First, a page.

Call the cops and CPS and have them pick up the kid. They keep the kid for a few days and parents NEVER DO THAT AGAIN. Entire neighborhood hears about it and they also hesitate next time they plan on leaving little kids alone on the streets.

  8. Ruthie Hassan says:

    That is appalling. If you don’t think the mother will listen to you, I believe you have a duty to report it to someone who she will listen to, such as her Rav. What an unbelievable lack of parenting, totally shocking.

  9. Nora says:

    Tell anyone who will listen and take it seriously. Tell the parents but if it’s not the only time something like this has happened I’d call CPS and the police. If you can give specific examples the better off you are.

    This could’ve been a case of, “Mom rushed inside and wasn’t planning to be gone long.” But, I know for sure at those ages I wasn’t playing in the front yard by myself, either.

  10. Debbie says:

    Hadassah, I am really surprised by this post. What did you do after this happened? Did you just leave the kids by the road? I would have taken the kids straight back to their house and told their parents what had happened. I definitely would not have left the kids there. I am sure if you had told them immediately that one of their children had nearly got run over they would think twice about doing this again. As for now, definitely speak to the parents – you have an obligation to do so for the kids’ sakes.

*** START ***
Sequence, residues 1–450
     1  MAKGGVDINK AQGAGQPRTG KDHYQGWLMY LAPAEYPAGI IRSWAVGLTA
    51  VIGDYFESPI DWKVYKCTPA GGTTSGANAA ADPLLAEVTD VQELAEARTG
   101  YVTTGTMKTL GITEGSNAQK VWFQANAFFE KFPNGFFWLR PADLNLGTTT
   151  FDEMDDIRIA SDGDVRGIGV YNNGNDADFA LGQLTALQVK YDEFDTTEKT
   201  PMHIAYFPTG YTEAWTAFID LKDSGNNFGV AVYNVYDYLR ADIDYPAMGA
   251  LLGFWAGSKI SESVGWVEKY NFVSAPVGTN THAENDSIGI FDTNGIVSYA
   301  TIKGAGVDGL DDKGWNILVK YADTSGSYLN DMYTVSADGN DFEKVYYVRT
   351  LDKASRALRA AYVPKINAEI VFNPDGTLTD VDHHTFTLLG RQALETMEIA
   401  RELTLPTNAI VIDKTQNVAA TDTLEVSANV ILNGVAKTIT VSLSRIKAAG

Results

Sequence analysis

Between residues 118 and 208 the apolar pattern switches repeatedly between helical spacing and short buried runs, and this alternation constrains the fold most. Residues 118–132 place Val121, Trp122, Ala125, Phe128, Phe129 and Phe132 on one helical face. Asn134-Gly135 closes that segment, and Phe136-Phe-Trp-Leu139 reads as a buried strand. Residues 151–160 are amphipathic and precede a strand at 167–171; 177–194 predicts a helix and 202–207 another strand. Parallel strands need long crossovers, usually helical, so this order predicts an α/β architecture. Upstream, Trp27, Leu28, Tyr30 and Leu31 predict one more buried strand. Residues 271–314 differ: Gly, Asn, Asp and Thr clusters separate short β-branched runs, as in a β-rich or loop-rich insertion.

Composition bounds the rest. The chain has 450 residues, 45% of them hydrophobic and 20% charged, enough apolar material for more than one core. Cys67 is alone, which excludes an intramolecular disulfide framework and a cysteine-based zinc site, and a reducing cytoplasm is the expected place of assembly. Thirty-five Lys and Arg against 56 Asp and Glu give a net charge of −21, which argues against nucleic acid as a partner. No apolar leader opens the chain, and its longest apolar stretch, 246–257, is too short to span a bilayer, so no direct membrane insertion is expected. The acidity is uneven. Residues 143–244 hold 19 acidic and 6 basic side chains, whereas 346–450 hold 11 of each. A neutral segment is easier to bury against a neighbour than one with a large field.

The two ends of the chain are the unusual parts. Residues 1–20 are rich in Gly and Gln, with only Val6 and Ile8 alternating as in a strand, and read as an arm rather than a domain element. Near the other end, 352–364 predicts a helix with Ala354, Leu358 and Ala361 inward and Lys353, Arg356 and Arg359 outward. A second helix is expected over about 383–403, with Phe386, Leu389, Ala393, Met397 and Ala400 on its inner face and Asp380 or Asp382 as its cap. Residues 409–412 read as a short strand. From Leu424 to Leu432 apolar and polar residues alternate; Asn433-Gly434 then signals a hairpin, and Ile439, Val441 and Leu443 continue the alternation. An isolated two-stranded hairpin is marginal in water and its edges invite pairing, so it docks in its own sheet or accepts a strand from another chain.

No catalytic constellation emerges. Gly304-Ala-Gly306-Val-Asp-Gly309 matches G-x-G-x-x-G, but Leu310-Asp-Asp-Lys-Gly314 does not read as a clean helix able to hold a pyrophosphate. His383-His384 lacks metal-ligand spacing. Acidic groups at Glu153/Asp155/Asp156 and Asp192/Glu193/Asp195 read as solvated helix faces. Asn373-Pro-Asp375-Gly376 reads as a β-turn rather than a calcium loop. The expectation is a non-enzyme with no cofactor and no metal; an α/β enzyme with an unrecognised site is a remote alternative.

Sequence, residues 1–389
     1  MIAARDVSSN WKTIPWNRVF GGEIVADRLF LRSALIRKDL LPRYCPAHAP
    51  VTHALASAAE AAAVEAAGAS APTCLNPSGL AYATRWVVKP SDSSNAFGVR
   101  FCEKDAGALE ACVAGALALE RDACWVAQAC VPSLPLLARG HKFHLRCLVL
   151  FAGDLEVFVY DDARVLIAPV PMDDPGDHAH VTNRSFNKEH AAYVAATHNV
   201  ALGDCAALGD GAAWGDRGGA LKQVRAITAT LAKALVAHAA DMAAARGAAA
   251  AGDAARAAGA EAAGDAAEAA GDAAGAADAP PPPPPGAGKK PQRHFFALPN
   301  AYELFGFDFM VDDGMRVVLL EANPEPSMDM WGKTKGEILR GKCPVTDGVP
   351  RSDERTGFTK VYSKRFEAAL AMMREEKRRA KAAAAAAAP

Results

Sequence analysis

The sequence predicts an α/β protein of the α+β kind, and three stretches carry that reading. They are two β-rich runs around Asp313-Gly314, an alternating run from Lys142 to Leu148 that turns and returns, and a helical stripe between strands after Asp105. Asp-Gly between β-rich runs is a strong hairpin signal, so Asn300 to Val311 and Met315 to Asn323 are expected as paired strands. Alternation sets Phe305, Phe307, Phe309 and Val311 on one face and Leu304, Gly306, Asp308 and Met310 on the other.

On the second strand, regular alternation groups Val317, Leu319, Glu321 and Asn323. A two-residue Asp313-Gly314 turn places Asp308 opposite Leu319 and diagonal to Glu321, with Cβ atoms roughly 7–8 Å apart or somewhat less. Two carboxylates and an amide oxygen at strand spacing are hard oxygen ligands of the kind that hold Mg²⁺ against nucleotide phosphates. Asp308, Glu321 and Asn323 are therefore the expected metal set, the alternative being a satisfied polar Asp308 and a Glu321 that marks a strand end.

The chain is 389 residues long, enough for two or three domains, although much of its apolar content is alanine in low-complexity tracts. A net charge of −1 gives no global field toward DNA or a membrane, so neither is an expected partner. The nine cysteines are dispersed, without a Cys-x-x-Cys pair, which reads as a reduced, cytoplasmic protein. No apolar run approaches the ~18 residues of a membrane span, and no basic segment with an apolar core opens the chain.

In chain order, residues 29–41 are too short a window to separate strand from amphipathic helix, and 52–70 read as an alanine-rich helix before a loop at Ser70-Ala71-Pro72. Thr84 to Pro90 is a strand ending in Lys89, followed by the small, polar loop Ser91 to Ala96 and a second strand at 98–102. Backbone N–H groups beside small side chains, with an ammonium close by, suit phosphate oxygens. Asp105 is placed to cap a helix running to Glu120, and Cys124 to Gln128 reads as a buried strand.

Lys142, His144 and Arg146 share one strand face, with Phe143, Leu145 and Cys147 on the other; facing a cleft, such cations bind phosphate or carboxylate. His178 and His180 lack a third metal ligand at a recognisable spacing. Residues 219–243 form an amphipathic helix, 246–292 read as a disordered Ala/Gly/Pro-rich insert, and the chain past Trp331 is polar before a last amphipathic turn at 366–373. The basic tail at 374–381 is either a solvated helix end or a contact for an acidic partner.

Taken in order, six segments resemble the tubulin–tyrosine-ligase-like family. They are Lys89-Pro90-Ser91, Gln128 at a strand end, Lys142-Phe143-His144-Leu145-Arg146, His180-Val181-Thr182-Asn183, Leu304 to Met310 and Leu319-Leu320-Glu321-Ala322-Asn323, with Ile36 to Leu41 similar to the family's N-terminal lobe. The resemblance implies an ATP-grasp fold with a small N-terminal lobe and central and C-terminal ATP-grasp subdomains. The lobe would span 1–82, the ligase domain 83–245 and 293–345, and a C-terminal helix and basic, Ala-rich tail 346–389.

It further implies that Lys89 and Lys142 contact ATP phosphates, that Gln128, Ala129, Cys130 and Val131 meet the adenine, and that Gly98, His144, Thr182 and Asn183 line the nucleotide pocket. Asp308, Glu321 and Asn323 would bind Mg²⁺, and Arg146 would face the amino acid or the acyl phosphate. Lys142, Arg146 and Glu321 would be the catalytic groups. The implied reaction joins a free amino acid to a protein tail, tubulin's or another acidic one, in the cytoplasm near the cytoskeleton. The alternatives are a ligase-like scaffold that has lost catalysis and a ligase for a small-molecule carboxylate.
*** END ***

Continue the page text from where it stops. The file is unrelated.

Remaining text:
11. tesyaa says:

    For nine years I lived in a very modern Orthodox neighborhood, and this would NEVER happen there. I knew MO parents who wouldn’t even let their 12-year olds walk to shul alone.

    I’ve lived in a much more “frum” neighborhood for the past 7 years, and what you’re describing is commonplace.

    I rarely generalize, but this is one case in which I think there’s a clear division of behavior based on level of frumkeit. I think it’s due to large families and mothers feeling overwhelmed. That’s not an excuse.

    As for what to do: if I knew that my words would fall on deaf ears, I wouldn’t say anything. I’m not saying that’s correct. But I would distance myself from these people. I wouldn’t want to have anything to do with them.

    In your neighborhood, even speaking to people who might have influence over them might not do any good. Their Rav, for example, might not even see anything wrong with this behavior!

    • Mark says:

      tesyaa – I knew MO parents who wouldn’t even let their 12-year olds walk to shul alone.

      Our 11 year old daughter doesn’t cross streets by herself yet. When she visits friends, an adult walks her there and back.

    • sheldan says:

      Tesyaa, how in blazes would it be commonplace ANYWHERE? You’re absolutely right that having the large families is not an excuse.

  12. lady lock and load says:

    This once happened to me. Baby crossed the street and then crossed again. I took the baby to a nearby house and knocked and rang the bell. Mom took several long minutes to answer the door. I told her what happened and she smacked the baby. I was thinking that she should have smacked herself!
    Did it help her watch her kid? I doubt it. But at least I opened my mouth so I won’t feel bad if anything happened.
    I will also stop the car and tell people to wear reflecters cause I almost ran them over. Wearing all black on a dark street is so unsafe. May Hashem protect all of klal yisroel!

  13. REally says:

    Are you seriously asking people what to do? I think you know what to do in this case.

  14. I would say something. In fact, I would’ve stopped right then & called the authorities. But if that’s not what happened, SAY SOMETHING. I think, as a human being & particularly as a Jew, you have a responsibility to act in a way that does as much as you can to ensure those kids’ safety.

  15. Noa says:

    Hadassah,